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									                 KEY DIFFERENCES BETWEEN HOUSE AND SENATE BILLS


Full article: http://www.heritage.org/Research/HealthCare/wm2740.cfm

1. Scope of public plan: The Senate leadership dropped provisions to establish an
explicit public plan from the final version of their bill. Instead, they substituted a new
set of "multi-state" private health plans sponsored by the U.S. Office of Personnel
Management that would compete against private health plans in the state-based
exchanges that are mandated by the Senate bill.

In contrast, the House bill (H.R. 3962) includes an explicit government-run health
plan.

2. The Size and Reach of New Federal Taxes. Both the House and Senate
bills would impose new taxes, which will hit the middle class, thus breaking
the President's repeated promise to not raise taxes on families earning under
$250,000.

3. The Scope of the Employer Mandate. Both the House and Senate bills
impose mandates on employers to offer government-approved health care
coverage or pay a tax penalty.

4. The Penalties of an Individual Mandate. Both bills also impose a new
legal requirement on individuals to either buy federally approved health
insurance or pay a tax penalty.

5. The Expansion of the Medicaid Entitlement. Both bills greatly expand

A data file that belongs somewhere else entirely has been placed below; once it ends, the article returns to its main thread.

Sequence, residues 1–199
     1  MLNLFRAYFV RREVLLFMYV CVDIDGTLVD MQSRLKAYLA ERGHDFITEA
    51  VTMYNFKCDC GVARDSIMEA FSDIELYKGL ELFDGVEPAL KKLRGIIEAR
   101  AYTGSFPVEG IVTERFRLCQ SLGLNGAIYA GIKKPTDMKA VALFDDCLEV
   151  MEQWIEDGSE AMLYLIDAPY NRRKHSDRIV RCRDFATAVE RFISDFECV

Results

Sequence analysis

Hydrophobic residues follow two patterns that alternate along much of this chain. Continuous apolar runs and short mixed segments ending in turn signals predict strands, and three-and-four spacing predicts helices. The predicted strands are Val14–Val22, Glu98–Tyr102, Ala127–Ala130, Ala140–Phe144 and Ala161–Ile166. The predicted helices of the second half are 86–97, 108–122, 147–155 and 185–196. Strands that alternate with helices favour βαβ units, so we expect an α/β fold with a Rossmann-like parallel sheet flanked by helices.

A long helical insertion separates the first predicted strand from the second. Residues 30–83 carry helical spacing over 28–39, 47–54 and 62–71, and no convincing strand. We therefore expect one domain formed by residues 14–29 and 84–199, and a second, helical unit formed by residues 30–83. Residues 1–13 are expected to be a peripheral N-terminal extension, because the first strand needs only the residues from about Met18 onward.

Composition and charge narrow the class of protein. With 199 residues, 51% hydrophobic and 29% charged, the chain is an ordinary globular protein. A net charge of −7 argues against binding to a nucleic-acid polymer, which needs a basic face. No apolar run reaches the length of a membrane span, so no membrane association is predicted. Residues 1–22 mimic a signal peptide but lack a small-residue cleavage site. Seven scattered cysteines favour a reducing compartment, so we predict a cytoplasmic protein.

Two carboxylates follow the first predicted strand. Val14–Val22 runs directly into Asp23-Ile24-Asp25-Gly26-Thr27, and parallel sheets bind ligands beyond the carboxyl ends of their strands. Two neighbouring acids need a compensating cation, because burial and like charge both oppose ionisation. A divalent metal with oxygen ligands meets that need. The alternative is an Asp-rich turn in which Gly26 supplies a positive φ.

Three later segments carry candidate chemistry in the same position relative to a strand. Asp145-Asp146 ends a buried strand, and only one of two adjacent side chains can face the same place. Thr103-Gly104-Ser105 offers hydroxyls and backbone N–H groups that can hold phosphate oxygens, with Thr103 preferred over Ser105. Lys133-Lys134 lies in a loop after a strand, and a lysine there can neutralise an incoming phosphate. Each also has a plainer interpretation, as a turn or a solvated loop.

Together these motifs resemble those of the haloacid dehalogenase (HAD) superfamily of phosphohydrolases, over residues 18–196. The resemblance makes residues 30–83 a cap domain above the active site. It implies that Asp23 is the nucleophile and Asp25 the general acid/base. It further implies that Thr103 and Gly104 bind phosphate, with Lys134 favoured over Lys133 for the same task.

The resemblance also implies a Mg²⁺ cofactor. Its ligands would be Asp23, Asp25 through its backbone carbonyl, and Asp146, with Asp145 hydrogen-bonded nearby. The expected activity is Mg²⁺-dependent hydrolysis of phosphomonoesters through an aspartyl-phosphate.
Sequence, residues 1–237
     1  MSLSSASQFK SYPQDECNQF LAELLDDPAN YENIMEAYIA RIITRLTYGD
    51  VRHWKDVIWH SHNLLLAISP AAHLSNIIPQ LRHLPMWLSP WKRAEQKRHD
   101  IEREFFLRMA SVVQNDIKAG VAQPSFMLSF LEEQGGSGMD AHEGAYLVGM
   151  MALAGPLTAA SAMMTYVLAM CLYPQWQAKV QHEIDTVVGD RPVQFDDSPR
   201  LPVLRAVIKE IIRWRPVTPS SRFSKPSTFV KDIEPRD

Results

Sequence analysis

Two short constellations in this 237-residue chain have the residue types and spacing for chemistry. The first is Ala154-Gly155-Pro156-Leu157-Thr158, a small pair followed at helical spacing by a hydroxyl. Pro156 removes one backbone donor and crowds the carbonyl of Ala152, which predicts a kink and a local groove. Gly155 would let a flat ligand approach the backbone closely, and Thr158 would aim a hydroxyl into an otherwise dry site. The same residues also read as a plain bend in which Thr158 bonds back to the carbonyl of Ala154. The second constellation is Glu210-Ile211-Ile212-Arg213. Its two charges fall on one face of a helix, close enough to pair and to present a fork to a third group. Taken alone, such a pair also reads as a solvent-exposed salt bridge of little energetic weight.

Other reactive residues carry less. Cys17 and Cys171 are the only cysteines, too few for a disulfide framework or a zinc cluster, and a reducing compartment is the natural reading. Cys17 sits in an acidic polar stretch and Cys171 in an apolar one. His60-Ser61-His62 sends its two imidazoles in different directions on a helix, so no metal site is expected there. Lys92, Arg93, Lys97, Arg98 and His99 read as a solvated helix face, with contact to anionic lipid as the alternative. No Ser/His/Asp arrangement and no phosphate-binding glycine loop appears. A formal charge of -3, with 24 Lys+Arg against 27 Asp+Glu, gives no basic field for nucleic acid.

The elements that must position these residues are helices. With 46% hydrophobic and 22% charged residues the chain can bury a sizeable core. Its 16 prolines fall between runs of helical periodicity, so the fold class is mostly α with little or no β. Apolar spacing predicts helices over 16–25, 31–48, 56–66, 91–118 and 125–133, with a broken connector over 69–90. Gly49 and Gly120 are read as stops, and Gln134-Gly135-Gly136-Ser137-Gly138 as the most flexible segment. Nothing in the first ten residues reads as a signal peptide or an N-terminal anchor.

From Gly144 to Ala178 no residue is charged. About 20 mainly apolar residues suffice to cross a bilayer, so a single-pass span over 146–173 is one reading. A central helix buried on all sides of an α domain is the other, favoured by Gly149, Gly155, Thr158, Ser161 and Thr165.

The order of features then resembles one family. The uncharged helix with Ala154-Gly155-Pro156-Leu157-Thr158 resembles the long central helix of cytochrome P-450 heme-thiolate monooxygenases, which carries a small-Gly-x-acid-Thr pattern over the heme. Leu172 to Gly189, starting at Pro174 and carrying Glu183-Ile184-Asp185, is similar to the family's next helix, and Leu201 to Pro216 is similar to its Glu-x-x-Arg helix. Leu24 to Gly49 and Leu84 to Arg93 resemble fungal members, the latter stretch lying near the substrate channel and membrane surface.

eligibility for Medicaid, the welfare program that provides health care services
to the poor and the indigent. Such an expansion of Medicaid "crowds out"
private coverage and faces resistance by governors who are struggling with
budget demands

6. Taxpayer Funding for Abortion. The President promised that there
would be no federal taxpayer funding for abortion. In the House bill, by virtue
of the Stupak-Pitts amendment, there is a genuine firewall between federal
funding and abortion coverage. In the Senate bill, by virtue of the agreement
between Senate Majority leader Harry Reid and Senator Nelson, there is no
such firewall; the bill allows federal taxpayer funding for abortion

A recent Rasmussen poll found that only 34 percent of voters say passing a
health care bill is better than doing nothing.[9] This is on the heels of a CNN
poll that found 61 percent opposed to the bill[10] and a NBC/Wall Street
Journal poll that found that only 32 percent think the health care bills are a
"good idea."[11]

								
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